Wednesday, August 6, 2008

Do We Need a New Law to Protect Disabled Employees from Discrimination?

Last 25 June, the US House of Representatives approved an amendment to the ADA or the Americans with Disabilities Act of 1990.

The ADA is a law which prohibits “private employers, state and local governments and employment agencies and labor unions from discriminating against qualified individuals with disabilities in job application procedures, hiring, firing, advancement, compensation, job training, or in the terms, conditions and privileges of employment.”

Also in places of public acomodation such as schools, restaurants, parks, etc.

This time, the law, termed the ADA Restoration Act of 2008, is born to restore the original intent of the Americans with Disabilities Act.”

In order to give the law more tooth in preventing further discrimination of our disabled citizens, the law is amended to make clear the following, among others.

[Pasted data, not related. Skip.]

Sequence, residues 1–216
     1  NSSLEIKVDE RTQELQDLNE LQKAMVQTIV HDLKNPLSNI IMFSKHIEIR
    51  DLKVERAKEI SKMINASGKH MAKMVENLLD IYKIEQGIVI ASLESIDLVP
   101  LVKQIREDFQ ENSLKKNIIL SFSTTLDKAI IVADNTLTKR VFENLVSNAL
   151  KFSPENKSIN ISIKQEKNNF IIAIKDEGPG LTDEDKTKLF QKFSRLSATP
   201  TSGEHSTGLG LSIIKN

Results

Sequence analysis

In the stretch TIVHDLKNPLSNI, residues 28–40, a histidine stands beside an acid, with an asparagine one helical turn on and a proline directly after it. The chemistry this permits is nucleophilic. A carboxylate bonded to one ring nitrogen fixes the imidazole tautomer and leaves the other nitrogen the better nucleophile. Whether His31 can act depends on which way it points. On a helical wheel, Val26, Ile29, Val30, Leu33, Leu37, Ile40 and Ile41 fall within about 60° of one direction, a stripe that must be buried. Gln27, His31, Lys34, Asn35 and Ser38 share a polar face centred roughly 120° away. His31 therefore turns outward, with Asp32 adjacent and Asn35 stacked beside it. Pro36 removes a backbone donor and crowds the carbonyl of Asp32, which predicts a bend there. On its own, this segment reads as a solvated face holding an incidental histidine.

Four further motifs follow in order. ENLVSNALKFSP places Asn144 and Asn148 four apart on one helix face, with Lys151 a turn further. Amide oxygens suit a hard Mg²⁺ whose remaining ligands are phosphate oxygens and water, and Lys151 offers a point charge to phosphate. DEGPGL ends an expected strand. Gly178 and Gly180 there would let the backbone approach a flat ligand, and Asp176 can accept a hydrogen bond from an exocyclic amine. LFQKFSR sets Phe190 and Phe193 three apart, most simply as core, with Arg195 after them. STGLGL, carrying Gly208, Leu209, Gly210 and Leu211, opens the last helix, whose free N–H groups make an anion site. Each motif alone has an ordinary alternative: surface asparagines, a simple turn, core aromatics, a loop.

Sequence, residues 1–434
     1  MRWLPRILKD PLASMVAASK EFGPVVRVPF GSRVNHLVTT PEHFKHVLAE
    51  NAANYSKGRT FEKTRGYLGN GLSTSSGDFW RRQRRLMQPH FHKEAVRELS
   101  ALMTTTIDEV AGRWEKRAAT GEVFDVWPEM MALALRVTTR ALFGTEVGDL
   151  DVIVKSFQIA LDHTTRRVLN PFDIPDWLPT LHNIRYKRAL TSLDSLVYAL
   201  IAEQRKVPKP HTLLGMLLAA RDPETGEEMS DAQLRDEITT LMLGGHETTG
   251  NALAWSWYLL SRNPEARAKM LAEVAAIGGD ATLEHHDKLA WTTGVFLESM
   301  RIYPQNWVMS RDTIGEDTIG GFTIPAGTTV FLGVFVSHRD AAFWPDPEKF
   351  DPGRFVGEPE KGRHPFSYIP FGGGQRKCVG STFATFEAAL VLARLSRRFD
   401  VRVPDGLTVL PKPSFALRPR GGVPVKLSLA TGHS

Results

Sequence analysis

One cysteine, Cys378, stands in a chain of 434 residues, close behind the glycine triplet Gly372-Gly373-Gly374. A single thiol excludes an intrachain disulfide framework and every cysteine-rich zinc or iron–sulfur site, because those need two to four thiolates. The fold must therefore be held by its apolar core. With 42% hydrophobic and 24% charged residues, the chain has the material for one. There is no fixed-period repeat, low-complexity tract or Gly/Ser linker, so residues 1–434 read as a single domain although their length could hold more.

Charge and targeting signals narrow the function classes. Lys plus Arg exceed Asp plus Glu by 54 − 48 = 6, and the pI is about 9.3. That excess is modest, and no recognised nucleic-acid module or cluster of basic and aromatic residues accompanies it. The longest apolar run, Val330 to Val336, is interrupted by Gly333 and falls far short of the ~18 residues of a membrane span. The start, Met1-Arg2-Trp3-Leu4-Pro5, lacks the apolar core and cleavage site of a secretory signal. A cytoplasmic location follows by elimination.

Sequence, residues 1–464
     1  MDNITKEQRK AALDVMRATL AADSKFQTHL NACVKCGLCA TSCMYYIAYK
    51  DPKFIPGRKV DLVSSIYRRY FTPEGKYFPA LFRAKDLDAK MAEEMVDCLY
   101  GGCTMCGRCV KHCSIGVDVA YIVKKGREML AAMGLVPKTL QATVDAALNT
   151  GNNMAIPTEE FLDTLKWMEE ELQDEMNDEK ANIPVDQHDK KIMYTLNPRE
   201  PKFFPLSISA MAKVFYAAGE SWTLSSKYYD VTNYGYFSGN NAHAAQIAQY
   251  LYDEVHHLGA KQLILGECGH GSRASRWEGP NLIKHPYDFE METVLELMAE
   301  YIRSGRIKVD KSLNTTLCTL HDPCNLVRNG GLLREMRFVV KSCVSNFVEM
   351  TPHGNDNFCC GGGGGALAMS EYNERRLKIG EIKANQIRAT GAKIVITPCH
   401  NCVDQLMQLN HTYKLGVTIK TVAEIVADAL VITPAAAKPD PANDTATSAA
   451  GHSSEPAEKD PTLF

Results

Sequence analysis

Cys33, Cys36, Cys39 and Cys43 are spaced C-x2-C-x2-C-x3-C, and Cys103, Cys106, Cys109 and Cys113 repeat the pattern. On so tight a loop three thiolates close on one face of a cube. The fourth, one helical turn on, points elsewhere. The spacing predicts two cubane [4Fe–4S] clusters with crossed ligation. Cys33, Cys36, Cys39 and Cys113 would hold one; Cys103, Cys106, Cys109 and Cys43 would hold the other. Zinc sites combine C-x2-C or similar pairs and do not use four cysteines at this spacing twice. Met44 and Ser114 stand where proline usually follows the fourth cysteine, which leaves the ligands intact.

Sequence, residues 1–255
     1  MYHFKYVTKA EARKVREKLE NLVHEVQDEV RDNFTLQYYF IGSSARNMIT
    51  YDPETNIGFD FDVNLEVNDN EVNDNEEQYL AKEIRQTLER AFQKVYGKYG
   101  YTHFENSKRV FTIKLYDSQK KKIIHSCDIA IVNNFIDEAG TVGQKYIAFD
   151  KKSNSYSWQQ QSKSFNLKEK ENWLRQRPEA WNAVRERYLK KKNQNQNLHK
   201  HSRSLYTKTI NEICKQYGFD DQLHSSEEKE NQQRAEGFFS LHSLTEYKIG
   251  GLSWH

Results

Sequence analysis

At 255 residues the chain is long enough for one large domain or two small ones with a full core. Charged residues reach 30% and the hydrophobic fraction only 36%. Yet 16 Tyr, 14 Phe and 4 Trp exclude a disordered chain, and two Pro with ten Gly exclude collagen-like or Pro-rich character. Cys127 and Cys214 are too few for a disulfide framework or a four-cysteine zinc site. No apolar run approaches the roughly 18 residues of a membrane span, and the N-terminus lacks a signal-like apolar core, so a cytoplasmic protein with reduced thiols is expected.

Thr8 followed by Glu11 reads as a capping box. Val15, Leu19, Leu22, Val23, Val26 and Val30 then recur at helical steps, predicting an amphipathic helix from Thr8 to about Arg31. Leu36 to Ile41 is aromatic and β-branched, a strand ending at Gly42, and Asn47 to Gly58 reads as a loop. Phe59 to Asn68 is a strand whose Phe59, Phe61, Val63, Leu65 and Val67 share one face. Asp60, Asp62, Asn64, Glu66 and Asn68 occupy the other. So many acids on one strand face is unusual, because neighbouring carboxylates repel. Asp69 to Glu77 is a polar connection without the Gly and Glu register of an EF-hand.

The ADA should be interpreted broadly to provide ample protection for people who experience disability discrimination.

Impairment that “substantially limits a major life activity, such as caring for oneself, performing manual tasks, seeing, hearing, eating, sleeping, walking, standing, lifting, bending, speaking, breathing, learning, reading, concentrating, thinking, communicating and working”, does not need to limit another major life activity to be considered a disability.”

An episodic impairment or impairment in remission is still a disability if it would substantially limit a major life activity when it is active.

It is improper to take into consideration most measures that would reduce the impact of impairment, such as medication, prosthetics, or other technology, when determining if an individual is disabled.

Employees are protected from discrimination if their employers discriminate them because they perceive the employee to have a disability, even in fact there was none.

The law is still “wait and see”, pending approval of the Senate and the signature of the President.